First off, wow! What a class! So much juicy info for someone starting out. Thanks, Dylan!
Now onto the project:
I chose the Lightbulb Co. brief because I have made brochures for just about every school I've worked for. Learning Illustrator was a HUGE help in this area because working in Publisher wasn't any fun... Needless to say, I was excited to read a brief for an education company. I felt like they really did a lot of the heavy lifting in terms of already having a logo, stock photos, etc. There wasn't any need for custom illustration work. However, I did end up searching for a couple stock photos because the brief stated that the photos they found didn't really represent the diversity of their students and they wanted shots of students doing real work. I also felt that the photos focused on younger students and didn't represent the fact that the company serves students through 8th grade.
I think this was the hardest part for me because I've never charged anyone for my design work like this before. Generally speaking, I was the only one at my school site who A) had some know-how when it came to design and B) actually agreed to do the work. I figured it would take me between 4-8 hours to complete everything since a lot of the leg work was already done for me. This brought me to a total of $200 because I am so new at this. I wasn't sure if that was going to be too high or too low. It was hard to guess how much time onboarding would take since I'm not actually corresponding with anyone. Thankfully it took me around the 4 hour mark to complete, so I was making pretty good per hour. Still feeling unsure about this part of the work. Guess that comes in time, right?
I decided to go with the vibrant feel of the postcard that was provided and came up with 3 different options. The first is super vibrant and full of the quirky early 90s pattern they provided. I chose blue as the main background because it was much easier to look at than the other brighter colors as a whole. The color also conveys trust, which is something that people need when deciding who to entrust their children's education to. I know they talked about not wanting to plaster their logo everywhere, but since I wasn't sure what kind of copy they would really end up with, I went ahead and used the logo where I thought appropriate. *I would definitely ask this question when corresponding with the company.* I would also let them know that I decided to introduce Proxima Nova as a font in place of the Apex font because all the serif fonts together felt too heavy to me. I did end up creating a quick graphic that showcased their values as a company because I thought it was important. This would be something else I would need to clear with them.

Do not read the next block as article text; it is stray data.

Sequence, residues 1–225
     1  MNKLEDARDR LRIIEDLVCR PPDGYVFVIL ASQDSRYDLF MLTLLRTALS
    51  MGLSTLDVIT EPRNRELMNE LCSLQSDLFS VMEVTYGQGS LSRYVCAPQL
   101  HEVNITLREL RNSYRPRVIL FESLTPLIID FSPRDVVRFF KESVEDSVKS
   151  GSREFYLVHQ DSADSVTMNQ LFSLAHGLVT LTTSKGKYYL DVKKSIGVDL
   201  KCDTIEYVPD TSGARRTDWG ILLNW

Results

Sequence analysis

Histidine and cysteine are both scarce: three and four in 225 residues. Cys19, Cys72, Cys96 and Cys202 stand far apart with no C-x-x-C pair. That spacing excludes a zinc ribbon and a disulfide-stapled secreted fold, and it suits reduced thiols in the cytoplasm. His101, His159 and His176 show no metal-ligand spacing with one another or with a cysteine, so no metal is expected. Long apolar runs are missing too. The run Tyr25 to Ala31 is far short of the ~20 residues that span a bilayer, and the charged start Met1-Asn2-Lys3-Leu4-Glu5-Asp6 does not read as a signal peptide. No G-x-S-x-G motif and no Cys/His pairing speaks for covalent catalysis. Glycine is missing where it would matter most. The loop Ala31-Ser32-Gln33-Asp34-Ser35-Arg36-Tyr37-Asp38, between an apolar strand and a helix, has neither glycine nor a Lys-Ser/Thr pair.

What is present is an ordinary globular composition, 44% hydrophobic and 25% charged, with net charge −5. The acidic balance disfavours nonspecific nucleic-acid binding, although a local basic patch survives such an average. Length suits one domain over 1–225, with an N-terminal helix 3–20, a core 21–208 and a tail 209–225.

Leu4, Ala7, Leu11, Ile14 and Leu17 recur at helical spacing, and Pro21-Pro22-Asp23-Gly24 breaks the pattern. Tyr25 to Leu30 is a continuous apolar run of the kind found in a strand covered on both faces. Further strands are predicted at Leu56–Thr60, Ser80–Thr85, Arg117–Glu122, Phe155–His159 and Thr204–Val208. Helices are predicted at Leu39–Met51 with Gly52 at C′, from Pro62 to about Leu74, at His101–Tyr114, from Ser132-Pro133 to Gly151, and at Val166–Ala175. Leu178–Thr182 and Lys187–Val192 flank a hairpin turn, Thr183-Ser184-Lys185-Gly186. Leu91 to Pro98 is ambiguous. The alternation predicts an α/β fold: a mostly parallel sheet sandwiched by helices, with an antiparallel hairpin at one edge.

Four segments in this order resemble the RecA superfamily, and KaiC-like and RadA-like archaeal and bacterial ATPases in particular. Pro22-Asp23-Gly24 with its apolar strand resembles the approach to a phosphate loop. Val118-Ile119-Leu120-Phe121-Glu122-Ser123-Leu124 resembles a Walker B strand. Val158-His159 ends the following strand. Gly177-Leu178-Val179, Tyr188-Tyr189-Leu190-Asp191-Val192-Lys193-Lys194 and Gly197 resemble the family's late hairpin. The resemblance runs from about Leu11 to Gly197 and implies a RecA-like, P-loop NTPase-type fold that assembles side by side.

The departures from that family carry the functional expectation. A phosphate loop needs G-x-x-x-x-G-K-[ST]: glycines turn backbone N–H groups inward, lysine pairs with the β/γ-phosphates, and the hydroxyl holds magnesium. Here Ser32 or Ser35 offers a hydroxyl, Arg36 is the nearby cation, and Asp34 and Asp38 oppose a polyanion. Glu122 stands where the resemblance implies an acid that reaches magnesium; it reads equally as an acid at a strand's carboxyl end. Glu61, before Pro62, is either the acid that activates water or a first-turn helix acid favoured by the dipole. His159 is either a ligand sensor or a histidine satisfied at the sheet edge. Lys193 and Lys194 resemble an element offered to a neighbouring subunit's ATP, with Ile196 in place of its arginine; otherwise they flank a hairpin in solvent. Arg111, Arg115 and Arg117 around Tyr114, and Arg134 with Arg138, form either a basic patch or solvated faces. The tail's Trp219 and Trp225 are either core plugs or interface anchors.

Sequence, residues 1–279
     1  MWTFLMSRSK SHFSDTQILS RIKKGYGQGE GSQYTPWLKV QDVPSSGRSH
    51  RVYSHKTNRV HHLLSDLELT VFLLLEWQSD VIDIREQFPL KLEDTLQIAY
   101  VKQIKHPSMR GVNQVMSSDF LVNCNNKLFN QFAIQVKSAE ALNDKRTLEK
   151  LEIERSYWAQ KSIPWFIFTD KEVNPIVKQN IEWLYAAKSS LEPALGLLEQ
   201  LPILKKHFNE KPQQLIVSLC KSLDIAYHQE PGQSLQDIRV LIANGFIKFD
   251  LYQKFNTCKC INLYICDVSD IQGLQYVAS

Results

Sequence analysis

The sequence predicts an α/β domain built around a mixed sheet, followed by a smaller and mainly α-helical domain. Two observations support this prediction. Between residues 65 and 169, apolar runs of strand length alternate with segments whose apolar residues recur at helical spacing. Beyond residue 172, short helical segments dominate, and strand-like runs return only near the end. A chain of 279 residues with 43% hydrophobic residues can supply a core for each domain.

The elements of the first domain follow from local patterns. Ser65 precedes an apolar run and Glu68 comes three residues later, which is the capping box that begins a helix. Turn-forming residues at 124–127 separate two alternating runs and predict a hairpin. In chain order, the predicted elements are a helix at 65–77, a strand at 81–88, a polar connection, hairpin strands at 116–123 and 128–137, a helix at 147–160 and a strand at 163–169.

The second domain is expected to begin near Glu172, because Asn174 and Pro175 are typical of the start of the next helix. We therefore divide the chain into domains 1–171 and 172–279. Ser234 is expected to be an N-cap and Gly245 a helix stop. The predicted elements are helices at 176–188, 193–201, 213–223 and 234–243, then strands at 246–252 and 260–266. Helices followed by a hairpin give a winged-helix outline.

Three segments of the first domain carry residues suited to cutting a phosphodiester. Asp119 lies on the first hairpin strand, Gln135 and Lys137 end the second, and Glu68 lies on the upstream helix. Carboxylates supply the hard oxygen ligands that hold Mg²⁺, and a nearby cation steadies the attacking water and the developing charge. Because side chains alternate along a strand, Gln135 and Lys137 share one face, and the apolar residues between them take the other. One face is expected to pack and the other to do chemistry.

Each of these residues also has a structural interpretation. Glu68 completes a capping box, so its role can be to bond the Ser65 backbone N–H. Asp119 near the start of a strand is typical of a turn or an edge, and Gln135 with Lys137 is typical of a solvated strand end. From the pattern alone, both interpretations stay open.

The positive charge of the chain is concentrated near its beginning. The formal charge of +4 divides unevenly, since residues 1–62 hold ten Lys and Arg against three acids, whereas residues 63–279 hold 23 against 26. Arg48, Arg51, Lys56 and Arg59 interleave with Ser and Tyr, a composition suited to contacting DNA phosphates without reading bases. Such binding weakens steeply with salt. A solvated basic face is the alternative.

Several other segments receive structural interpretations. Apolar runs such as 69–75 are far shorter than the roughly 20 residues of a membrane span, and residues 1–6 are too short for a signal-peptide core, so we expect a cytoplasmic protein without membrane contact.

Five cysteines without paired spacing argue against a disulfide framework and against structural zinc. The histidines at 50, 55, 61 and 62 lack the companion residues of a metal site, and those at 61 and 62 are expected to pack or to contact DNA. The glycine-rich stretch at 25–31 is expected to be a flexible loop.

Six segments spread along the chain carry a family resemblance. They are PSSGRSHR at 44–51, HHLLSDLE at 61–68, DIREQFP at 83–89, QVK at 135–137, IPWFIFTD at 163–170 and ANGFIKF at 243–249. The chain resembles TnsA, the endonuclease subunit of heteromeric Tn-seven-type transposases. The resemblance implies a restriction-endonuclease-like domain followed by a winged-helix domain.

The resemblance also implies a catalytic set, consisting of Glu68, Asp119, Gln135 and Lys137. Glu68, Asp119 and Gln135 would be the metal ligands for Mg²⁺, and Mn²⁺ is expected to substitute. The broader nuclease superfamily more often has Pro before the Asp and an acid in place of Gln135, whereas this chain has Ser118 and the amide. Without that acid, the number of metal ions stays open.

The second option is a lot calmer without as much of the pattern work everywhere. I also went for less vibrant shades just so they can see what that might look like.
The third follows the same layout as the second but in the vibrant colors of the first.
This project was a lot of fun! Can't wait to get some feedback. Which would you choose if you were Lightbulb? What changes would you make?
Maybe I'll go start on the second brief now...
Save the Date Brief
This brief was super exciting because I got to pull out my illustration skills. Still not sure about this whole pricing thing... And... I misspelled his name at the top. Oops! That would need to be changed.
When I read that they were from the south and wanting to do a beach wedding, those two ideas combined really well for me because I am from the south. When I think about southern beaches, those antebellum homes with fantastic shutters and tons of palms come to mind. I went with this direction because they were wanting to steer away from the expected nautical beach themes. Palm fronds are ALL over pinterest, and they were wanting to steer clear of that as well. I felt like combining the palms with the house frame and some wildlife would keep it from looking just like every other tropical save the date out there.
I assumed that they were wanting to go with a standard 4X6 postcard size, which is something that would have to be cleared up in onboarding as well as how they intend to print the work. I started with a concept sketch of the front, which is really messy... In my correspondence, I would flesh out my ideas for her better so that she wouldn't be totally frightened away by the sketch.
Because it is an evening wedding, I went for a darker background, but I provided a light option just in case she wanted to see what that might look like. I stretched her color palette a little and added in that turquoise on the shutters and a few other greens too. I kept the back simple because there is a lot happening on the front side. I was assuming the card would be sent in an envelope. If they plan on sending it just like a postcard, then I would need to rearrange some things on the back to make it appropriate.
I am not a hand letterer, so I followed Dylan's example of purchasing one off Creative Market and tracing it. I liked this "Paris" font because it follows her guidelines of not being overly formal. I think it still is appropriate for an evening wedding, though.
DARK OPTION (preferred):